So given how unequal people’s superannuation balances are, even if it were true that the banks and other big corporations are owned mainly by superannuation funds this would be grossly unfair. However, the truth is even more inequitable. For it is the very rich who own most of the stocks of the banks and other big companies. Superannuation funds own just a minority. How small a minority? Let us calculate that here using publicly available data. Given how much mythology there is about superannuation funds owning corporations, we will show each stage of the calculation. According to the Association of Superannuation Funds of Australia, i.e. the industry body of the superannuation companies themselves, at the end of December 2019 these funds had a total of 1.9 trillion dollars in assets of which 22.0% was invested in Australian equities (https://www.superannuation.asn.au/resources/superannuation-statistics , accessed 3 April 2020). That comes to a figure of $418 billion for the total holdings in the Australian share market by the superannuation funds. Now the total market capitalisation of the Australian share market at the same time, the end of December, was $2339.71 billion (see https://www.gurufocus.com/global-market-valuation.php?country=AUS and scroll to 20 December 2019 in the graph “Australian Total Market Cap”). That gives the proportion of the shares in the Australian stock market owned by domestic superannuation funds at just 17.9%. That is a lot less than one in five shares.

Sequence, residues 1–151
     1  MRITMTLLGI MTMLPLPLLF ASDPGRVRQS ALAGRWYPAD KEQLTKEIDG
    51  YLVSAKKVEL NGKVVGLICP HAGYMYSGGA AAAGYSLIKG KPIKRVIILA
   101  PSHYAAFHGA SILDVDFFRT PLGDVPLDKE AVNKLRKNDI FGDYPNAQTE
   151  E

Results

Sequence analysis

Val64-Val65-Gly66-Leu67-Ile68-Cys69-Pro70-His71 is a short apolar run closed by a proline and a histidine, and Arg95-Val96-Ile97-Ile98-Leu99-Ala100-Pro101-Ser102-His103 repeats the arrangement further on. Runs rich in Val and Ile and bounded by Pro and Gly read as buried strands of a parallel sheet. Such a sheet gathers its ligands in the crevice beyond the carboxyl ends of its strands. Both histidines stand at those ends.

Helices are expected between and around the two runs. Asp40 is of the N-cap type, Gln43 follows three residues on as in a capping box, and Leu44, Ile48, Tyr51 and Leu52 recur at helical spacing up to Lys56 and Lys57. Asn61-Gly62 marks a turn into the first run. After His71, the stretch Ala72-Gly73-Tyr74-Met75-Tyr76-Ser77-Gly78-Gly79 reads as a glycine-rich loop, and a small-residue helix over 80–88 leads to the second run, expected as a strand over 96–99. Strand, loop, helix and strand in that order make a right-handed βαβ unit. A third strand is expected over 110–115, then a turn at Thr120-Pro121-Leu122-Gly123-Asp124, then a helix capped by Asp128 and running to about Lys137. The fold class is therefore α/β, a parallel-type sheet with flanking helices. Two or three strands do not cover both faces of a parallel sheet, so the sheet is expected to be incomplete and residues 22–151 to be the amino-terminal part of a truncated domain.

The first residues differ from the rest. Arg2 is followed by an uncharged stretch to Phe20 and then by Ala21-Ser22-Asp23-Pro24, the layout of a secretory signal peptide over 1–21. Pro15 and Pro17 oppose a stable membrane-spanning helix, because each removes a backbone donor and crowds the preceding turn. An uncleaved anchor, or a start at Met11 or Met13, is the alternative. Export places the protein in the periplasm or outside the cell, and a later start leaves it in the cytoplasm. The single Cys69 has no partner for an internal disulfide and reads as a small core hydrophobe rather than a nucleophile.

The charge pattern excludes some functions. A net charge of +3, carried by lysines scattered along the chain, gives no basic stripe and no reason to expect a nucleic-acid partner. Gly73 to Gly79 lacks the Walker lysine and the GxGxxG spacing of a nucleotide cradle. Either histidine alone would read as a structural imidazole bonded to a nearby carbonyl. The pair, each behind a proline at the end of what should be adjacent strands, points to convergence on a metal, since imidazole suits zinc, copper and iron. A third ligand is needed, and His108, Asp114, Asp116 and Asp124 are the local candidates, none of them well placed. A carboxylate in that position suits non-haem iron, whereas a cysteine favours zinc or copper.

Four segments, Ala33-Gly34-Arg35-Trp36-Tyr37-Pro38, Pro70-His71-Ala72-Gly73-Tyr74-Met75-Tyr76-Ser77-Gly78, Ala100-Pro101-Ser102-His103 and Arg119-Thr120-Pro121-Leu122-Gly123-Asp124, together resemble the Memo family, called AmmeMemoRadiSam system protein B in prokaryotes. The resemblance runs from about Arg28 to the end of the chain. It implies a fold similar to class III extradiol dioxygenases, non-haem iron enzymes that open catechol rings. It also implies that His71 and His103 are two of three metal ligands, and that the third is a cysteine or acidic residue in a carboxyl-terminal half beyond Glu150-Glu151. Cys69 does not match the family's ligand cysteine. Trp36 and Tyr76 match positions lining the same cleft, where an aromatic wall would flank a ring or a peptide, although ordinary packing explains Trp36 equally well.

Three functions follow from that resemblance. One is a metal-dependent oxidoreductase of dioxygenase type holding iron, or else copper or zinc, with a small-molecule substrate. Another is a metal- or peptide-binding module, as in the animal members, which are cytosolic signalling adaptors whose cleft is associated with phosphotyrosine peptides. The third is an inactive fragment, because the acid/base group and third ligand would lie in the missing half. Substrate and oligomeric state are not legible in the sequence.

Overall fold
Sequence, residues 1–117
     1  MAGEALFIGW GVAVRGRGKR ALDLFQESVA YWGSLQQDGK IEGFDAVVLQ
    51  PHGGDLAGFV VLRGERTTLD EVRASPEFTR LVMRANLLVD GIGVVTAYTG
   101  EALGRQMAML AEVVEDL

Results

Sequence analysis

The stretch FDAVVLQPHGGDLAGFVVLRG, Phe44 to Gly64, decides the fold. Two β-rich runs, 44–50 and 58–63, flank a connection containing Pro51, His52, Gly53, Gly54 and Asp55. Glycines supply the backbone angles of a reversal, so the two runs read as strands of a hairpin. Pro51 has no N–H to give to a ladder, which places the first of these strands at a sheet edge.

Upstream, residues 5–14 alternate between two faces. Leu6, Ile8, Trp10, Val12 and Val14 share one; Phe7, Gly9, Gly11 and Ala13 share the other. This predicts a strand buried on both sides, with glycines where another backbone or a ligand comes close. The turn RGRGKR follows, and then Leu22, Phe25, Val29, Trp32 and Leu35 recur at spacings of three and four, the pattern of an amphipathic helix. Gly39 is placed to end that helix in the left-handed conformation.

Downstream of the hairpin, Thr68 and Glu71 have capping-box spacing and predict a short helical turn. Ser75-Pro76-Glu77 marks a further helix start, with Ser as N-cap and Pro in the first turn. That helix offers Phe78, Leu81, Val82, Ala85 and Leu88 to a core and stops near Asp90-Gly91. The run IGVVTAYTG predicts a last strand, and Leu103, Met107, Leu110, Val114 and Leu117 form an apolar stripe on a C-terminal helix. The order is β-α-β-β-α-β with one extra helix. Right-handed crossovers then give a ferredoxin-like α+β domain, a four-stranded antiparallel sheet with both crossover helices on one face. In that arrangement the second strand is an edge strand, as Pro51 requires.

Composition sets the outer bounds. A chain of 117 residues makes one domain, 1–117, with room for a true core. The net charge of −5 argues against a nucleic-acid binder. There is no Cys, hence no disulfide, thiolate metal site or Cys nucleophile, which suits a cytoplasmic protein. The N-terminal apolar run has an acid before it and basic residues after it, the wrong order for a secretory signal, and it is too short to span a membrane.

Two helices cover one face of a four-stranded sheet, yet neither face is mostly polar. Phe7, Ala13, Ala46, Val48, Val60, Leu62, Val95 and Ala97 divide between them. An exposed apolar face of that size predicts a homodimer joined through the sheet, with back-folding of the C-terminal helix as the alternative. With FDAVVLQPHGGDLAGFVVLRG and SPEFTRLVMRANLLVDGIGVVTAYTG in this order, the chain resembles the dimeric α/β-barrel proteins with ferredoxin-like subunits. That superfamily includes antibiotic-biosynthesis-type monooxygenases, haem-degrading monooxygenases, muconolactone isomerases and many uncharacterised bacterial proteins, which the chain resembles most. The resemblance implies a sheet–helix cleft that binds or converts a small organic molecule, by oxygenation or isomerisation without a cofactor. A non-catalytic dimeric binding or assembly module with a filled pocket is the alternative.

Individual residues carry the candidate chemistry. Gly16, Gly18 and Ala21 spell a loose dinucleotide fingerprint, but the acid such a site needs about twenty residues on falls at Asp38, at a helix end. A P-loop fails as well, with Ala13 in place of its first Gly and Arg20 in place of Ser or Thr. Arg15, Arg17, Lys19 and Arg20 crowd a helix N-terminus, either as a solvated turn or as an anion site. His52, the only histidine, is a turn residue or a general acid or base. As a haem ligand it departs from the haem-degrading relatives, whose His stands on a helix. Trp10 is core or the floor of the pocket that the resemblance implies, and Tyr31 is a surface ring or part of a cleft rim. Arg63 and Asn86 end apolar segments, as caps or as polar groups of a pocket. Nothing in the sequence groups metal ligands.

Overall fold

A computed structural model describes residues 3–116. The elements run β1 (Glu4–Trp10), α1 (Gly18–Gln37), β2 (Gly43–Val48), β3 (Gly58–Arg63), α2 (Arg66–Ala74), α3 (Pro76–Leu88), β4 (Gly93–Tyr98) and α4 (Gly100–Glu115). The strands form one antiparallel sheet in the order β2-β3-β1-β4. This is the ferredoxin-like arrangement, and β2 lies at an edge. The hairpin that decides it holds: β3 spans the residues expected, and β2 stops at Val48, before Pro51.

To see the significance of this truth that local superannuation funds own just a minority of major Australian corporations, let us consider the following scenario. Imagine in the year 2022, after having to prune their profits slightly in 2019 following the exposure of some of their fraudulent practices and the lower profits that they could expect in the coming two years in the wake of the COVID-19 induced recession, the banks seek to raise their profits back to the extreme levels of a few years ago. Through hitting their customers with still higher fees and by charging a high interest rate on the loans they lend out relative to that which they give to depositors the banks raise their profits by, say, an extra $10 billion. Now the bank bosses and their many apologists in parliament would then spin the line that these higher profits are a good thing as they end up in the pockets of “ordinary everyday Australians” through the dividends being accumulated by superannuation funds investing in the banks. However, if all these additional profits end up being distributed as dividends to shareholders and assuming that the percentage of bank shares owned by Australian super funds is about the same as the overall proportion of Australian stocks owned by these funds, just $1.79 billion of these extra share dividends would go to these funds. Even less would make their way into actual superannuation accounts. For the superannuation companies would take a healthy portion of the dividends as commissions and fees – and as we know even as advice fees when they give no advice! And guess what, many of these superannuation companies are themselves directly owned by banks or insurance companies. So part of the bank profits supposedly going into superannuation funds end up going back to the bank and, thus, into the pockets of its big non-superannuation shareholders. The amount actually going to the superannuation accounts of the public may be closer to $1.4 billion. Yet, to get to this scenario of higher bank profits, we have paid out $10 billion in extra fees and higher interest payments. So, excluding the big shareholders of the banks, the public end up much worse off overall, worse off by about $10 billion less the approximately $1.4 billion that we reclaim in higher returns on our super; i.e. we together end up about overall $8.6 billion worse off. And it is working class people who would suffer the pain disproportionately. For a low-paid worker, while paying the higher fees and higher interest rates paid by others, gets very little back in the way of higher returns on their superannuation and many workers none at all.